In the Mix: Against Obsession

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A further addenda on this agenda

The New Supply Chain and its Implications for Books in Libraries

Sudden Soap Box: Digitization = Access (not preservation)

Unbeknownst to me – the next Blackboard discussion assignment for one of my summer classes turned out to be :

  • Is digitization the answer to preserving print materials?  Discuss advantages and disadvantages.

The following was my response – realizing by the end that this had become an impassioned sort of soap box sermon rather (perhaps) than a reasoned response.  Judge for yourselves and please offer replies and conversation!


Is digitization the answer to preserving printed materials? Discuss the advantages and disadvantages

 

In my opinion the answer is NO.  I believe digitization is an aspect of access, not preservation.  Digitization – the process, format and type of “storage” are all inexact and uncertain dependencies – on energy sources, tools, network connections, licensing, access, programs, softwares, interfaces, and so on down the line.  With no real concept of the reliability, consistency or longevity of data in “cloud storage” – digital documents still need physical copies to ensure longevity.  The only companies I really hear belaboring the issues of continuity, reliability, and potential of accurate digital preservation besides the Library of Congress and Pew are Tim Berners-Lee and the WorldWideWeb Consortium, ITC and other digital business/tech aggregates – which continually discuss the problems, scramblings and deterioration of digital data bits in ethereal storage.  We all understand that we have books 100s even 1000s of years old, from which we can verify online copies, files, etc.  Otherwise many “scanned” documents lose clarity, miss pages, notations, editions, etc.  This is becoming an enormous problem when companies and institutions begin thinking that by digitizing something they are preserving it.  They’re not.  They’re making it available in another format and medium, not preserving it.  Our computers, platforms, servers, programs, hardware and software are continually being altered and updated – formats are insecure, data continuity is insecure, e-book packages automatically deliver updates and editions without preserving previous editions/authors/etc.  Digital access is precarious – a solar flare or atmospheric storm could wipe out or scramble data at any time (as a wise man once said).

Digitization is an answer to access not preservation.  Berners-Lee et. al. have always been clear that the purposes and hopes of WWW and Semantic Web work was to make the world’s culture more readily communicable and sharable – not to preserve it.  To democratize it.  Technology progresses too quickly and outdates too quickly to be a reliable form of preservation.  And with open access and collaborative semantic web – no digital document can be considered “authoritative” or be ensured to represent original writings or creation.  All digital data is open to revision, alteration, damage – it passes through too many hands, servers, connections to be utilized as an authoritative source.  (Perhaps all web citations, whether scholarly or not should be appended with some mark indicating it was retrieved from digital storage, rather than confirmed by printed document).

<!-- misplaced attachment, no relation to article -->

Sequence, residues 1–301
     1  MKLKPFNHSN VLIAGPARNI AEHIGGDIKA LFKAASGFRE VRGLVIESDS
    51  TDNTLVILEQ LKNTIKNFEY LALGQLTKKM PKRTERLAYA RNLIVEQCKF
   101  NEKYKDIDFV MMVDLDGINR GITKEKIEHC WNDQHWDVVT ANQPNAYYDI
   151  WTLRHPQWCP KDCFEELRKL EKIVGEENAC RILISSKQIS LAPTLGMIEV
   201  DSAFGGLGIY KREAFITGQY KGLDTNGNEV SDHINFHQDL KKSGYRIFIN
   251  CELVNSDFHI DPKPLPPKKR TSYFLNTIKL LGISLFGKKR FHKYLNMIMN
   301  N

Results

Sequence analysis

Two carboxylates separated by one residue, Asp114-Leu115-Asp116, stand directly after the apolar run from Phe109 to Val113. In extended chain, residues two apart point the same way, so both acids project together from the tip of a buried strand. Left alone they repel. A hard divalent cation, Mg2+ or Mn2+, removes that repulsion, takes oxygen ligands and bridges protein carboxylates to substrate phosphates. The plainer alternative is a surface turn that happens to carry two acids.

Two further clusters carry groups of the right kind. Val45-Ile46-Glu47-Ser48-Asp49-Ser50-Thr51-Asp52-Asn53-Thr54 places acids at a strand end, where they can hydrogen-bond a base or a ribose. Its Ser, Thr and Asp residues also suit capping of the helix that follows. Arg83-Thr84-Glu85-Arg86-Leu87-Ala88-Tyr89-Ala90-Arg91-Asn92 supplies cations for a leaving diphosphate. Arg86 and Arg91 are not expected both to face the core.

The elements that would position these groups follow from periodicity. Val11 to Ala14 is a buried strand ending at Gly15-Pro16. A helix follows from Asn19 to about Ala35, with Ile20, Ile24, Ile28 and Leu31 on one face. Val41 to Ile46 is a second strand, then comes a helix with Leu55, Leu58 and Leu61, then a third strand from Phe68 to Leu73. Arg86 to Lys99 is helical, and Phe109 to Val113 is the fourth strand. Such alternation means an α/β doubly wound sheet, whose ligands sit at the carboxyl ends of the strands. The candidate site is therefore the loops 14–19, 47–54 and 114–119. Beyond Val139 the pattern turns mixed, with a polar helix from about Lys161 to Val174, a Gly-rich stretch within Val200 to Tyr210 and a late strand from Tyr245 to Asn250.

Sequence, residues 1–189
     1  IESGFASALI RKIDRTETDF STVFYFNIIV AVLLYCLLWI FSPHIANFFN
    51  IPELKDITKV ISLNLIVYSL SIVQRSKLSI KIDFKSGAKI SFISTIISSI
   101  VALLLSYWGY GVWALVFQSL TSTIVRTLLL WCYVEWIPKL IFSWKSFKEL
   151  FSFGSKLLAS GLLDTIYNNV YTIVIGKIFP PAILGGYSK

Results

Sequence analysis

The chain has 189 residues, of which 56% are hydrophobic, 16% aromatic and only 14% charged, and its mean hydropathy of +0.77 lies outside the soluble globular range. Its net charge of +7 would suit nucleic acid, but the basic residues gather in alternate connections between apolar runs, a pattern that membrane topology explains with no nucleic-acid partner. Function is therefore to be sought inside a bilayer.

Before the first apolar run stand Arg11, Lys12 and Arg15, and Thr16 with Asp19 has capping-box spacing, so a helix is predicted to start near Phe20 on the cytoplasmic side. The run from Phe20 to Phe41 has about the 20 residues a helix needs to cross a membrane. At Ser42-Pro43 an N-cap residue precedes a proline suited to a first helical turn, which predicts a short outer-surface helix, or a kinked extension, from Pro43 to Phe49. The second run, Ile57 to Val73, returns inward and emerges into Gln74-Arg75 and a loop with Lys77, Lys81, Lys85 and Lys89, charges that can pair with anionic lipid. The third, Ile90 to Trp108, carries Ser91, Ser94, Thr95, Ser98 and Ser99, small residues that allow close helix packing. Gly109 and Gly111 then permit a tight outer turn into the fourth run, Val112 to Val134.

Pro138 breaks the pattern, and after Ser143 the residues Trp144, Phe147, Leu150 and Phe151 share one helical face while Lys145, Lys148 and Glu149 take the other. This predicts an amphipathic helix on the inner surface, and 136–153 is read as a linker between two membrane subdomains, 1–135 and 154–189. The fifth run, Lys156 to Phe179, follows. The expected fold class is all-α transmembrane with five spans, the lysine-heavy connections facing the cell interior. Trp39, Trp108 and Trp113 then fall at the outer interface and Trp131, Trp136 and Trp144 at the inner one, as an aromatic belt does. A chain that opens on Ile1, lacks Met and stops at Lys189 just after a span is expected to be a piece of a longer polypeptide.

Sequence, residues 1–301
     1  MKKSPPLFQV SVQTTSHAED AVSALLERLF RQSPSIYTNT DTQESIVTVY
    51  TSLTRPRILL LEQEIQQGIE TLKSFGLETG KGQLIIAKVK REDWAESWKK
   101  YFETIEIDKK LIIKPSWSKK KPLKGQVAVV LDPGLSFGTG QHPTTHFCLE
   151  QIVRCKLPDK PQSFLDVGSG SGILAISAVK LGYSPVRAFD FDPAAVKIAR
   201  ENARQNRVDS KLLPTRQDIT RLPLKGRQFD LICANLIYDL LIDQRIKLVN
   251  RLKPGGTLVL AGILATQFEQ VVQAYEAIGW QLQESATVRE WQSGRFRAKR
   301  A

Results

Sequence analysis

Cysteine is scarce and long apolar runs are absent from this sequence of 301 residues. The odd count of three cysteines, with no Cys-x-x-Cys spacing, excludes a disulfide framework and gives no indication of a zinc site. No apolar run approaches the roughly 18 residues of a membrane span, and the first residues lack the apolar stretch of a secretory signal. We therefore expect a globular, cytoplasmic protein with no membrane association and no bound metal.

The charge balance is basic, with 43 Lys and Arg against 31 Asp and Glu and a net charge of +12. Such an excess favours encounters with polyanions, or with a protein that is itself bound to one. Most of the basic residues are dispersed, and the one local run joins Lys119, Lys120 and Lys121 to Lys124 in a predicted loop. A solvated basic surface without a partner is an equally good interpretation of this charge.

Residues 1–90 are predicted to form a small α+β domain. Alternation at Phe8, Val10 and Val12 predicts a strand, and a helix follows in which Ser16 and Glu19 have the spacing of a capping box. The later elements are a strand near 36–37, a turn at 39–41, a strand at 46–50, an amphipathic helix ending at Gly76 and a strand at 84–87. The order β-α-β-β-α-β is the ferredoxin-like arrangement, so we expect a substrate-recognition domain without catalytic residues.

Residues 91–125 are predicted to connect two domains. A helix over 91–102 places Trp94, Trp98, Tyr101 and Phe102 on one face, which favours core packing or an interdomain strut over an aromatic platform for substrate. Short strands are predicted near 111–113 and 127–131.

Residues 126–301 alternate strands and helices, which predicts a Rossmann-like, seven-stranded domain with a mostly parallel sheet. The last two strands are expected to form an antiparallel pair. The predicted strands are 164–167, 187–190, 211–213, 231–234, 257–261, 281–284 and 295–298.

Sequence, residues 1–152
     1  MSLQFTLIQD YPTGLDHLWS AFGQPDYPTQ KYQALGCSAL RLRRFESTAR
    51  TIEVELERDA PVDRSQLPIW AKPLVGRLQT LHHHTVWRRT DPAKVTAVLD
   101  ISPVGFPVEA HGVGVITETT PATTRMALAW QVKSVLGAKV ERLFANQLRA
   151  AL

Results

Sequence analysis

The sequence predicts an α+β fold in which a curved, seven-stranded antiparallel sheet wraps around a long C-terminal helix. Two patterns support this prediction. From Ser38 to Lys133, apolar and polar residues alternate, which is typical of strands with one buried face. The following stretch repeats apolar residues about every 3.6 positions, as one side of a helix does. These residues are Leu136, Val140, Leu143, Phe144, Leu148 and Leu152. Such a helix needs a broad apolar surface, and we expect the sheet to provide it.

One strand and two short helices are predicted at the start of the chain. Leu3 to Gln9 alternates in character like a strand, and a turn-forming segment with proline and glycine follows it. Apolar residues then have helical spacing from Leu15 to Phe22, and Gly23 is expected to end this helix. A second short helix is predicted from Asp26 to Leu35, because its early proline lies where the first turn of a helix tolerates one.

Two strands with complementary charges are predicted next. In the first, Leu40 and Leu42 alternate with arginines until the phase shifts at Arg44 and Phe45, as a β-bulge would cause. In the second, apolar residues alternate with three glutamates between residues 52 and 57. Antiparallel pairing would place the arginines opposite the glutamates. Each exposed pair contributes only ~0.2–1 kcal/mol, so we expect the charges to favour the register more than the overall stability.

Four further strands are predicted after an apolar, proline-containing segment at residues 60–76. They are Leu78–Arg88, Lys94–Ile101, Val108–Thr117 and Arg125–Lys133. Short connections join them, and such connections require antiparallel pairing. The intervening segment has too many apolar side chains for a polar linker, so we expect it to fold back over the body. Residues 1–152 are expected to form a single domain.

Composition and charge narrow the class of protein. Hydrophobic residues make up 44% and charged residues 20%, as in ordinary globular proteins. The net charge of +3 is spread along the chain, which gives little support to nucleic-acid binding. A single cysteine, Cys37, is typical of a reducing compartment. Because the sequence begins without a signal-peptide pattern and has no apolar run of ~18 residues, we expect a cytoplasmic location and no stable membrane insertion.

As access solution – digitization is wonderful.  For “just-in-time” retrieval and sharability, open publications and global learning and information – digitization is an incredible advance in communicating globally.  But reading a text over the phone, or broadcasting pages on TV, etc., are all notated if used in research.  Digitization also seems to mitigate against deep reading or comprehensive research, as digital texts tend to be scanned rather than read through in their entirety, and there seems to be a tendency to retrieve “good enough” or topical articles rather than searching for the best research available to the research at hand.  (side note, sorry).

So, in my opinion, digitization should be used for that which is was developed – a communicative medium – unstable, unreliable and ever-developing – but not an authoritative or preservational archive.  A books average life is between 100-300 years and utilizes much less energy in being used or shared than all the electricity and energy required for digitization and access.  Most ereaders, PCs, and other digital tools last at the outset 5-10 years and then add to the world’s waste, far less recyclable than pulped paper.

Digitization = access – global and unstable.  Physical copies = preservation – relatively stable and verifiable (as long as enough copies are preserved to compare and contrast).  We never considered this problem until now with the enormous weeding and disposal being done by the very places that existed to preserve these artifacts!